For all the debate about sex ed in schools, you can easily make the case that we're failing miserably. I'm not talking about awareness of what is happening to their bodies, awareness of birth control or abstinence programs. STD's can no doubt have lethal consequences. You know what else can have lethal consequences? A hormonal woman with a meat tenderizer is a menace to society. Does anyone ever sit with our sons and explain warning signals, how to plan, and how to avoid stepping in to the shark-infested waters of PMS altercations? NO. Our schools are failing our sons.
Sex ed gives the nitty gritty of what part goes where, and the Cliff's Notes version of what's happening to them. Male readers, don't get that "OMG this is another PMS post" look. It's so much more. Don't you wish your own parents had given you a better grip at the insanity that may grip the women in your life every four weeks? This is why I, mother of the year, have launched the "Scared Straight" school of boy-parenting. My sons will be the most sensitive, empathetic men when I am done. Do you know how many girls they can score if they leverage that?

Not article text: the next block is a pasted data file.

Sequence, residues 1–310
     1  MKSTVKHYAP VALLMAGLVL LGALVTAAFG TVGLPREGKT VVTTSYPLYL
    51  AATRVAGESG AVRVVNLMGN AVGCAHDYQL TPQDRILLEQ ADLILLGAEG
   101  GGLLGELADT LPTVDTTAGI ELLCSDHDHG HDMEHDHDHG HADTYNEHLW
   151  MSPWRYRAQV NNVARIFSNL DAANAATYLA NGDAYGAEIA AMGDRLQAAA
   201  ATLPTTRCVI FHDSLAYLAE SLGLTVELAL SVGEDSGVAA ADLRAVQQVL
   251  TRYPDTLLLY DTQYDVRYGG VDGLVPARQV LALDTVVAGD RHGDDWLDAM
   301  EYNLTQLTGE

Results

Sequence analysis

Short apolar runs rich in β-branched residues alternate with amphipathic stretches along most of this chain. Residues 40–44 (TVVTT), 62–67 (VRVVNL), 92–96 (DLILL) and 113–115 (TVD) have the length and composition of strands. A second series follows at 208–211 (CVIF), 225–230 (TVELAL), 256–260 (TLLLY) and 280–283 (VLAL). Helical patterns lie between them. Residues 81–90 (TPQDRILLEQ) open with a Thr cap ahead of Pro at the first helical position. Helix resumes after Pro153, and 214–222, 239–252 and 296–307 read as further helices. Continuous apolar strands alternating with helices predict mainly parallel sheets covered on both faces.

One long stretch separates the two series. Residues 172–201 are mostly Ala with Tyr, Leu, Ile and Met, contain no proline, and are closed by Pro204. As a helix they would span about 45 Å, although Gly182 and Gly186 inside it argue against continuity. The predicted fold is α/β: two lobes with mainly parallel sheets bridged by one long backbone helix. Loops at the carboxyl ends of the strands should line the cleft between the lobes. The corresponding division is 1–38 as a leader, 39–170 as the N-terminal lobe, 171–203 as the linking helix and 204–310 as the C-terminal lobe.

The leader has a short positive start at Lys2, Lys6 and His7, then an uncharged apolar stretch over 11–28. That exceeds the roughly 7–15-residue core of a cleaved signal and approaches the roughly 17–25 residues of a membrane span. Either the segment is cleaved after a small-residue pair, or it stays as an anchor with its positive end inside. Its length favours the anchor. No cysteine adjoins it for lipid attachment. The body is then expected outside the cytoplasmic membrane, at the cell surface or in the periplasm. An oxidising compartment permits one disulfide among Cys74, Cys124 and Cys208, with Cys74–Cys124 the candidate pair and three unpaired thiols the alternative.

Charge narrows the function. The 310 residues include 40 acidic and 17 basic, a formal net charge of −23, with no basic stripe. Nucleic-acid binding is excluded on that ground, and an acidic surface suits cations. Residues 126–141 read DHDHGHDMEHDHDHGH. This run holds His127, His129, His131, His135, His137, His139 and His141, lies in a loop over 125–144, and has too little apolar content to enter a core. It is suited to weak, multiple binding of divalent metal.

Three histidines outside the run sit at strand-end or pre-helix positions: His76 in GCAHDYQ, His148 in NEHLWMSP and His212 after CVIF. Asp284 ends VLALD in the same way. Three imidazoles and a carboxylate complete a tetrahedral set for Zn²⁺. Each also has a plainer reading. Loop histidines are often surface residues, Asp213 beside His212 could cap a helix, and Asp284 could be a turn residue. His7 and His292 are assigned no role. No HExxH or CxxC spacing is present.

I seize teaching moments as they come. Some of life's best lessons come from adversity. Stress, tension, and pressure separate the men from the boys. Bloating- well that separates the women from the girls. Add them all together, and you have the perfect cocktail for mother-son chats that will leave their impression, and emotional scars albeit, for life. Just as they show kids wrecked cars to show what speeding does, I, occasionally, display for my sons a glimpse of what a woman they've enraged looks like. They need to know, so they desire avoiding it at all costs. They need to learn to catch the warning signs before it's too late.
Take our ill-timed dinner one night, when Son1 decided a full on bitchfest about salmon was in order. He didn't know that I was wiped from crashing hormones and 'round the clock pain meds. He didn't catch the contorting face as I tried and tried to not lose it. I had not yet passed on the knowledge to my little Grasshopper at that point. It was nearly too late for his safety.